Tuesday Tunes 46: Winning

Three weeks ago I took my theme of Wheels from my football team’s recent performances, described by one pundit as ‘the wheels have fallen off.’ After two successive 4-0 wins I’m hopeful that those wheels are now back on the team bus, and have decided to do a counterpoint as this week’s theme. Readers, I give you: Winning.

Thinking about this, a number of songs with win/winning/winner in their title came to mind, as well as a couple of others that take this as their theme. Spoilt for choice, I managed to shrink them down to seven songs but couldn’t go beyond that, so here goes. The first is a longtime favourite of mine, from a singer-songwriter who has, I think, been largely underrated for much of his career:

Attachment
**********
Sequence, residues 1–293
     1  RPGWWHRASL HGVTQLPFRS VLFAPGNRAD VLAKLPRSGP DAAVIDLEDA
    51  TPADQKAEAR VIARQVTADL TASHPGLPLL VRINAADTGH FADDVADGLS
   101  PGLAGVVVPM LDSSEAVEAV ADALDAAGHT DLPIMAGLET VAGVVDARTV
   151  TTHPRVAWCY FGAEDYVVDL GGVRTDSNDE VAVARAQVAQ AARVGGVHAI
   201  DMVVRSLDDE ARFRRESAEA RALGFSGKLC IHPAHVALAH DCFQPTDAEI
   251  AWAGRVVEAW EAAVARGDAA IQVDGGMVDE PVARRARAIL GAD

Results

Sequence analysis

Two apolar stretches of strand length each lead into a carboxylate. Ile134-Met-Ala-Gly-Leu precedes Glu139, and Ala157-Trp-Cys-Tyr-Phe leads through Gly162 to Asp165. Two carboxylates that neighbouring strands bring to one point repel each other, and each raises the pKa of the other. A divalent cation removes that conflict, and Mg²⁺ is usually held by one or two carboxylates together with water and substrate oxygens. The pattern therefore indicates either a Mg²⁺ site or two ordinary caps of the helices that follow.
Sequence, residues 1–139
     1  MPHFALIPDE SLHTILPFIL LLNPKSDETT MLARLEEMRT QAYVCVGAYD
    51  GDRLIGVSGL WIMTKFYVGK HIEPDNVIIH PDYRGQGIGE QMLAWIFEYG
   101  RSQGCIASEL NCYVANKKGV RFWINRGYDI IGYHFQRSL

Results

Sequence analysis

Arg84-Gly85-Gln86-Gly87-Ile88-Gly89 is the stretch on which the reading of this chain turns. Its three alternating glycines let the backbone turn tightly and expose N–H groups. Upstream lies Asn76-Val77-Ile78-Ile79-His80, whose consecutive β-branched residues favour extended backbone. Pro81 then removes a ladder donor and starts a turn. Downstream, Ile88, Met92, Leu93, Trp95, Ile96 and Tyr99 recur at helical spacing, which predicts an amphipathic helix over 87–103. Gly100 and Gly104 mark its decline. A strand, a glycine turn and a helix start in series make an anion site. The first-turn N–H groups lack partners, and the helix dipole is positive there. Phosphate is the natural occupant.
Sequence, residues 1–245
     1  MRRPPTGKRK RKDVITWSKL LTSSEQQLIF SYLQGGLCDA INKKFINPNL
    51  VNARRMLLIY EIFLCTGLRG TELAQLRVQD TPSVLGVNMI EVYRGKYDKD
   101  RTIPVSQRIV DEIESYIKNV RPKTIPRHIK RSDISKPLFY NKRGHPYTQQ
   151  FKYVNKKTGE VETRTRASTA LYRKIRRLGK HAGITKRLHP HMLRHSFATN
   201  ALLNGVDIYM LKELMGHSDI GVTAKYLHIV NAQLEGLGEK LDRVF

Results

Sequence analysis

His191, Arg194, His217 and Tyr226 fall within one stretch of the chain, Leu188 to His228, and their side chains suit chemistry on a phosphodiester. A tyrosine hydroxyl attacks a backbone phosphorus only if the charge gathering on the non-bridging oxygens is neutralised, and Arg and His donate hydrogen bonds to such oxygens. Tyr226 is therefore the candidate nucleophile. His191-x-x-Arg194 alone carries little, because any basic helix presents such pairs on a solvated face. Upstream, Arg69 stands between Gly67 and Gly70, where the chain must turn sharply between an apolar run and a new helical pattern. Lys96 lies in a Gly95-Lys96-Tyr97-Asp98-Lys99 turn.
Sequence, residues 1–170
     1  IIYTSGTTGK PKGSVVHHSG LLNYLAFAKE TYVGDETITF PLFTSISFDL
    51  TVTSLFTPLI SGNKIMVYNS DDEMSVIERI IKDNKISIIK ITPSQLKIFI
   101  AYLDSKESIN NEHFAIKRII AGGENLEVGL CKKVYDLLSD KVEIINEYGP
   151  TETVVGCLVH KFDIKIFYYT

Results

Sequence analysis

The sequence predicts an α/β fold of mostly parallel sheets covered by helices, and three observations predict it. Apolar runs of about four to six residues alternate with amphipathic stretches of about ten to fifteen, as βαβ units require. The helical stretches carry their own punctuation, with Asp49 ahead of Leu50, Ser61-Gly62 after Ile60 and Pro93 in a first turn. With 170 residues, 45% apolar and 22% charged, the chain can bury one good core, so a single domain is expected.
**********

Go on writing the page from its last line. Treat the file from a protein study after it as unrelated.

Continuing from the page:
That was the closing track on Chris Rea’s 1984 album Wired To The Moon, which reached #35 on the UK albums chart. Chris has had two #1 albums here, a #2, plus three more in the top ten, from a total of 25 album releases. Only three have had any US chart success, the best being his very first album, Whatever Happened To Benny Santini? which got to #49. With singles, 42 of his 72 records have reached the UK top 100, but only one, The Road To Hell, has got as high as #10. In the US, only 6 have made the top 100. I think you’d call that steady, rather than spectacular, and is why I think he has been underrated. To me, that is a real shame, as he has made some great albums. If you want to hear more, check out his Shamrock Diaries album, and especially the song Stainsby Girls – you won’t be disappointed.

In terms of chart success I’m going from one extreme to the other, with my next choice: